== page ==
Forgiveness and Healing

min read

When you think about forgiveness, what comes to mind?

If you’re like most of us, you’ve probably learned forgiveness is for the other person. Like, when someone offers an apology, forgiveness is the “right thing to do.” (After all, look how sorry they are- is it fair to make them wallow in regret?)

We pressure ourselves into “pardoning others for their transgressions” or “taking the high road”. Sometimes we even convince ourselves we’ve let it go- when in reality there’s still lingering resentment.

And guess who suffers in the end?

That’s right- you 🙂

How so?

Glad you asked!

Because in this article, we’re gonna see how resentments manifest in our bodies as dis-ease. Then I’ll walk you through a practical forgiveness exercise to set you free– and begin or deepen your own inner healing journey.

What’s the Connection Between Forgiveness and Healing?

Well, lemme start with a true story to demonstrate the connection between forgiveness and healing:

They did this experiment where they took a small amount of saliva from an angry person’s mouth, and injected it into a guinea pig.

And it literally killed the guinea pig.

(Setting aside the moral issue of cruel animal experiments… And my unsuccessful attempts at finding the source for this story…)

This experiment is a perfect example of the famous Buddha quote,


“Holding onto anger is like drinking poison and expecting the other person to die.”

– The Buddha

Because forgiveness isn’t about the other person- it’s about you. It’s about releasing all that negativity from your body, mind, and spirit.

Yep. And guess what else?

Dis-eases feed off of negativity.

And so, releasing anger and resentment from your tissues can release all sorts of issues, and prevent diseases. Plus, forgiving others- and yourself– for the past can even heal existing diseases.

Ok, by now you’re probably, like, “That’s all fine and dandy. But how the heck do I actually forgive myself and others? How do I get rid of every last spec of resentment?

That’s another great question!

But before I get into the practical step-by-step process, I want to clarify two common misperceptions:

The 2 Most Common Misperceptions of What it Means to Forgive

Forgiveness isn’t the same as condoning the other person’s actions or letting them continue to cross your boundaries. Nope- it’s about freeing yourself and your energy, and preserving your peace of mind.

So, just because you let go of the emotional charge around the other person’s behaviour, doesn’t mean they’re free to keep doing it 🙂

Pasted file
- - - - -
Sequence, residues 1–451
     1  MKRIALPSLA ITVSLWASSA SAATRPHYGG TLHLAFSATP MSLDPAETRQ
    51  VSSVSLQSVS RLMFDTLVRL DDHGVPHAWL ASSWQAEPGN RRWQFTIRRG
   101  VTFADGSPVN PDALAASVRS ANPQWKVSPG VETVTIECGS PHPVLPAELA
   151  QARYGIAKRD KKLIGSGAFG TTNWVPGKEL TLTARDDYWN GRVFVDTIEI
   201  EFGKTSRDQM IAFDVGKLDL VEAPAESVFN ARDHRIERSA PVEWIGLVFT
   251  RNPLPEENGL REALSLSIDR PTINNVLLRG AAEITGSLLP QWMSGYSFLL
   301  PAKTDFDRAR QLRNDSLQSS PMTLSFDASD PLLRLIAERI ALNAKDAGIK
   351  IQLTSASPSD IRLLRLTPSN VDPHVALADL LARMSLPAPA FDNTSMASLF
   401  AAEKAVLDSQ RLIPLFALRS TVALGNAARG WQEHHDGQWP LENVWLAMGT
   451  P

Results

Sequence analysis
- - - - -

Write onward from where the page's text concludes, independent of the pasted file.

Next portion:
Forgiveness is also not about reconciliation- you can heal yourself from the poison of anger and resentment without getting the other person involved.

For example, if the person you’re upset with is no longer alive; or they’re dangerous or abusive; or maybe they just don’t wanna have that conversation, that shouldn’t stop anyone from releasing that anger or bitterness!

So now that we got that out of the way–

Here’s The Forgiveness Process Kelly Kingston, founder of happy and well® lays out in her newest book, Naked Skin Deep. (Naked Skin Deep is part of her YOU-niversity 4 YOU transformational education program [link], and is not for sale on its own.)

The Forgiveness Process

To perform the process, you need to find a quiet place where you can talk aloud without the fear of being overheard or disturbed.
1. Close your eyes and allow yourself to fall into a relaxed and reflective state.

2. Visualise the person with whom the issue needs to be resolved and see a cord coming from that person’s navel and another one from your navel and tie the cords together.

3. Then speaking aloud, say the person’s name followed by: e.g., ‘Mary, the resentment I hold against you for…’ and state everything for which you feel resentful or bitter towards that person.


4. Now say the person’s name followed by: e.g., ‘Mary, the resentment I hold against you I now release. I love you and forgive you.’

As you say, ‘I forgive’, imagine a pair of scissors and cut through the imaginary cord connecting you with the person.

5. Repeat the process twice and try to state resentments that you may have forgotten the first time as well as the ones mentioned previously.

6. Now change the process by tying the cords together again by saying the person’s name e.g., ‘Mary, the resentment you hold against me for…’ state the things as before. [do you state the same things as the other exercise, or do you list the things you imagine they might be upset at you for?]

7. On completion say the person’s name: e.g., ‘Mary, all the things for which you hold resentment against me I now forgive you for, I love you’, and cut the cord.

8. Repeat this process (steps 5 and 6) twice.

“If you cannot forgive yourself you will be subconsciously looking for punishment.”


Even though we’re taught to use forgiveness as a way of making other people feel better, or as “the right thing to do”-

Forgiving others is also about ourselves, our health, our own sanity.

And by using Kelly Kingston’s short, step-by-step Forgiveness Process, anyone can release the issues from their tissues and begin or deepen their inner self-healing journey.

P.S. We’d love to know how this article resonates with you!

Please drop a comment on how The Forgiveness Process goes for you




The terms “wellness,” “wellbeing” and “happiness” have often been used together or interchangeably by businesses, researchers and the media. This graphic outlines what they share in common and how these terms differ in concept, usage and association.

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